Tuesday, January 31, 2006

Food as "Medication"

I'm trying to think at what point it was, some years back, that they started promoting food almost as if it were medicine. You know, "Sodium free!" "A good source of vitamins A and D!" "Low in heart-clogging fats!"

It was probably at the point where the baby boomers, those notorious perpetual centers of the universe, reached the age where they finally had to start worrying about their health.

Some of it is pretty ridiculous. Pretzels loaded with salt are advertised as "Fat free!" Candy which is mostly sugar is billed as "Low in sodium!" A tin of caffeinated mints I've got sitting here on my desk informs me that these mints are "Sugar free!" It's a dietary shell game.

And some of it is downright schoolmarmish. My box of pancake mix bears a banner on the front which proclaims, "A Good Source of Calcium and Iron!" Yeah, right. That's exactly why I wanted pancakes this morning, to make sure that I'm getting my recommended daily dosage of calcium and iron. That's why I wanted pancakes, not because they're the most enjoyable breakfast food this side of pizza, not because pancakes are heaven when they're slathered with "caffeine-free" butter and "nicotine-free" maple sypup.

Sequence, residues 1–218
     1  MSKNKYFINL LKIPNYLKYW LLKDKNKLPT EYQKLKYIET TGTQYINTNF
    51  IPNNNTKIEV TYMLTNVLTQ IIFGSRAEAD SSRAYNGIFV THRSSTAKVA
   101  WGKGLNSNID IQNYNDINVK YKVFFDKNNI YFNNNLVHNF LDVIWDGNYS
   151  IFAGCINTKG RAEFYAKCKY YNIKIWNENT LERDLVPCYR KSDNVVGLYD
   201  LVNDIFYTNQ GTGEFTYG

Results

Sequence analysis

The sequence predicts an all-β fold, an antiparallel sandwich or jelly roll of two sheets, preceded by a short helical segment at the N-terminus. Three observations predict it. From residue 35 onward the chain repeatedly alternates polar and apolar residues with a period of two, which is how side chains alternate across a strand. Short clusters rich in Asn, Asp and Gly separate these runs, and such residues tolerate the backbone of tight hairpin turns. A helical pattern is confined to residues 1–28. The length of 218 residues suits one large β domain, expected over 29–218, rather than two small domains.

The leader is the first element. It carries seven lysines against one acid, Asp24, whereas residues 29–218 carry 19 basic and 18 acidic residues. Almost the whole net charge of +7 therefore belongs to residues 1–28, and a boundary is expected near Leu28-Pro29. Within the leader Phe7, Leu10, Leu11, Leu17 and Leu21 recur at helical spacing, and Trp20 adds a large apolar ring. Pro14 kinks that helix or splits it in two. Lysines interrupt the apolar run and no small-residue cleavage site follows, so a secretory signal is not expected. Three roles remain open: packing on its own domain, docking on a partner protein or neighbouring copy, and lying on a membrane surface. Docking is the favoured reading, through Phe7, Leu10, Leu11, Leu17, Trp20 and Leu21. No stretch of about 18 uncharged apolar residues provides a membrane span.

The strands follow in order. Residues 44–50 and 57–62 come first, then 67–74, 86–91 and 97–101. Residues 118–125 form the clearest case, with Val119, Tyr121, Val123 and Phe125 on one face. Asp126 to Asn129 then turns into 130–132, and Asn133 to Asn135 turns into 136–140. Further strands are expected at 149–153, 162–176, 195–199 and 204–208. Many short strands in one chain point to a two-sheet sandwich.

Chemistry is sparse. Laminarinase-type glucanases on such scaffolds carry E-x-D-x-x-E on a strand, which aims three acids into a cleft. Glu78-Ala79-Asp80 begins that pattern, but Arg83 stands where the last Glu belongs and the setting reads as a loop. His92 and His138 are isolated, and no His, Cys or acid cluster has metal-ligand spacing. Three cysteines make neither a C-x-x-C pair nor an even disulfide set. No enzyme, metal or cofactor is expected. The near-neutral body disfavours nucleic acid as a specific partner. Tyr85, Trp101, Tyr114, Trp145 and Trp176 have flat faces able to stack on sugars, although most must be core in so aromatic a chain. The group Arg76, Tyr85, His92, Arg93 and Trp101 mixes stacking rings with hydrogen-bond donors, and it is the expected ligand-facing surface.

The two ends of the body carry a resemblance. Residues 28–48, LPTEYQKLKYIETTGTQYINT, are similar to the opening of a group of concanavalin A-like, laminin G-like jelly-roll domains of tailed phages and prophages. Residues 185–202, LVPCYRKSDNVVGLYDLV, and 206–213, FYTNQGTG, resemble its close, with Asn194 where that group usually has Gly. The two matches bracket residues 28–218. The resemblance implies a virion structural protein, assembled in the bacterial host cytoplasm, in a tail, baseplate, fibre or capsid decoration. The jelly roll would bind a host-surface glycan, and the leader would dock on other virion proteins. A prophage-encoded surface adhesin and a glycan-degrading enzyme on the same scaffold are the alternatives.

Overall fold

In case you didn't really understand why you like maple syrup, it's because maple syrup is "nicotine-free." Plus, no doubt, it's a good source of vitamins B1, B12 and D. Yeah, right.

And then there's the cardboard canister of oatmeal, which smugly admonishes, "Oatmeal Helps Remove Cholesterol!" Yes, "May reduce the risk of heart disease!" (Just in case you didn't get it, the lid of the canister carries a little message from the American Heart Association.) You sinners! Eat oatmeal, or have a heart attack! Repent! Take your medication, in the form of our food product, or die! Die! DIE!!!

There's just something sick about a society which can no longer enjoy food as food, a society which has to look on food primarily as "a source of" nutrients and quasi-medicinal ingredients. It's almost as if every food in the supermarket had been turned into spinach. "Eat up your spinach, it's good for you!"

No, I say eat, drink and be merry. Or, if you recall the full form of that saying, it's "Eat, drink and be merry! For tomorrow we die." Whatever happened to the days when moralistic attitudes over what people eat were the exclusive province of vegetarians? H.L. Mencken was right. God save us from those who are out to "improve" us, God deliver us from the lofty attitudes of "the Uplift"!



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